Saturday Sewing: Stashbusting to get a new closet

No, I have not purchased a new closet nor had a contractor in to build a new one for me! But I have been busting my stash of garment fabric as I have been sewing up quite a few new garments using my Janome Four DLB serger and 1000CPX coverhem machine.      There are some videos on our Janome Life You Tube channel on both the Four DLB serger and the Janome 900CPX coverhem. Check these out here. 

In addition, we have created several dedicated Pinterest boards at Janome Canada’s Pinterest page where you will find lots of project ideas and instructions for being creative with your serger and coverhem machines.

Garment sewing similar to what we show here can be done on any of our Janome sergers and Coverhem machines.

I thought it might be nice to have a bit of “Show & Tell” of what I have been sewing recently on weekends.

First of all, I went through my closet and tossed out any garments that I did not really like and therefore seldom wear. These all went to the thrift store – now that they are accepting donations again in my area. You have to make room for the new by getting rid of something old – right?

One of the first items I made with a medium weight ribbed cotton knit. It is a boxy shaped T so quite loose fitting which is OK for hot weather. But maybe not if you prefer a shaped and figure hugging T?  I used the coverhem on my Janome 1000CPX for the hem, sleeve hems as well as over the binding for the neck opening. I serged the binding in place (Dividing the neck and binding in 1/4’s before clipping and serging) Then I pressed the seam to one side – downwards. Lastly, I did a 2 thread wide coverhem from the front so that the seam inside was “flattened” and held in place nicely.

See the close up of the neck treatment: 
I got the iron on garment labels printed but won’t do that again as (1) they do not stay on well after multiple laundering and (2) they were pretty expensive per label by the time they reached me with shipping added. I think I got “dinged” so future garment labels will be stitched by me on my Janome sewing or embroidery machine.

Skirts: I find separates very useful in a closet. There are so many variations and options for teaming up tops with skirts and pants. I used a couple of patterns I had not used before. As always, it is a risk as I might find I don’t like it as much as a trusty favourite pattern used many times. But “variety is the spice of life” so I pushed myself to take the risk. Let’s just say that one new dress I cut out turned into a skirt as it was not to my liking as a dress …..but it is a winner as a skirt so all is good!

Was probably my error as I think I cut the top half of this pattern incorrectly and I just could NOT get it to work so I gave up and used the lower half of the dress as a pencil skirt. I’m happy 😊

TIP #1:ALWAYS serge a test piece of the same fabric as your garment first to check tension and other settings like cutting width. You want to be sure the serging is as you would expect and like. Things do sometimes need to be adjusted depending on the thread and fabric you are using. Adjusting tensions is quite normal as your serger does not know whether you are going to use a knit or a woven and how thick or stretchy the fabric is.  I have not used a relatively entry level serger for a long time. But the Janome Four DLB came into my sewingroom recently when I needed to make some videos for our Janome Life You Tube channel. And the fact of the matter is that I really don’t want to part with it! It may not have every bell and whistle that our Janome AT2000D air thread serger has, but it sure does an excellent job of getting my seams sewed with no fuss and bother at all. And the threading is not a big deal either – even the lower looper is done in seconds. I have no hesitation at all in recommending this serger. I am simply loving using it!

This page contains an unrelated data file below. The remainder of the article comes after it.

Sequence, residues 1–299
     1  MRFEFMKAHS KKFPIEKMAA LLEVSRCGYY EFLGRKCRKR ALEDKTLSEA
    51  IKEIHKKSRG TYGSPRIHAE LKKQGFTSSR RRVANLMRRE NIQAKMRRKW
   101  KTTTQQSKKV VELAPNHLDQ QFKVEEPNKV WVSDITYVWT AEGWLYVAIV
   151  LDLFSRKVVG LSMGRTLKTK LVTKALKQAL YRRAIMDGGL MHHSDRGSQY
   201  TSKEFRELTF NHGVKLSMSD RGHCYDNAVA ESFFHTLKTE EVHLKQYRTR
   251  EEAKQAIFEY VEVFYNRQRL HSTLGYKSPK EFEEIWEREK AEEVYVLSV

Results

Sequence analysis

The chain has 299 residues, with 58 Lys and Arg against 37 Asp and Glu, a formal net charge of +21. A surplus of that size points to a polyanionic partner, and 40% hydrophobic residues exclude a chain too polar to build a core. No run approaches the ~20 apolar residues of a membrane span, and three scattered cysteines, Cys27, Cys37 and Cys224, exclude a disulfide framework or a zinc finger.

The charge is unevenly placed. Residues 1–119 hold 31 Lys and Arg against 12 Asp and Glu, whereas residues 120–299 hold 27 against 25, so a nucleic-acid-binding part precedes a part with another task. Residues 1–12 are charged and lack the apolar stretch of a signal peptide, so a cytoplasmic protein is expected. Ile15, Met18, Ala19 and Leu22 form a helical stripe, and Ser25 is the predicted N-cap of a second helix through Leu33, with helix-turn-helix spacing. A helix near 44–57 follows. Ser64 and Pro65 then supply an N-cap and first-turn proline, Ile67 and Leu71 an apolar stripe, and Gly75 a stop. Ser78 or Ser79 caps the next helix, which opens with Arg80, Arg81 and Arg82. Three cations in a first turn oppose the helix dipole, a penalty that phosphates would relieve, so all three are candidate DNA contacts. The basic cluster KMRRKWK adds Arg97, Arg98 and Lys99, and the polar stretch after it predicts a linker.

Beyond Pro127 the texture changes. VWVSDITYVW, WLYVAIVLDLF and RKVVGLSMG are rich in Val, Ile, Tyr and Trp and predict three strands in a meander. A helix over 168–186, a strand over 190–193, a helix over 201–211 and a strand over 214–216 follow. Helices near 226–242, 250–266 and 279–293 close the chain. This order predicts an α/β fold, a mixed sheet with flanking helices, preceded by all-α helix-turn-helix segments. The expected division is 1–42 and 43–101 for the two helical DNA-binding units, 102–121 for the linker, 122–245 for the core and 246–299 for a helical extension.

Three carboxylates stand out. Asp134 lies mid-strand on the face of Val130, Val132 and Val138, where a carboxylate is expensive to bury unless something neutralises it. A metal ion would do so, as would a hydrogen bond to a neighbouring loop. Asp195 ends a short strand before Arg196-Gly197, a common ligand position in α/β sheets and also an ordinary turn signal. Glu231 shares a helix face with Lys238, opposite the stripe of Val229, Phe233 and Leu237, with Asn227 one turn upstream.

It is ALWAYS important to do a small test serge before you start with your sewing.  Maybe you have not got one of the threads fully into a thread guide? or maybe you have a thread wrapped around something that it should not be wrapped around? TEST SEW to check all is good. I was super happy with this and had zero adjustments to make with this trusty and easy to use the Janome Four DLB serger.

T-shirts/tops: Well when you make new skirts, sometimes you just have to have new tops to go with them!

I quite like this top.  Inside story: I did not have enough of the fabric so I inserted a black strip down the front and used the same black Lycra fabric as my neck edge binding. The sleeve and hems were all stitched with a 2 thread wide coverhem on my Janome 1000CPX.

TIP #2: I like to switch my serger threads to a colour suitable for my fabric.When I first started serging well over 30 years ago, I figured that having black, white and cream threads in my serger thread drawer was sufficient. However, I have learnt the error of that. If you want your garment to look professional and neat inside, you really do want to match the thread colour as close as you can to your fabric. So my one serger drawer expanded  to 3 large drawers as I have collected serger cones in a multitude of different colours over the years. I usually try to have at least 4 cones of each colour on hand.


This box of 24 spools of serger thread is a great starter set for a serger : 4 spools of 6 colours of thread: black, white, cream, beige, light grey and dark grey. Each spool has a plentiful 1200m of thread. Available at your favourite Janome or Elna Canada Dealer. They can order it for you. Part # 9118B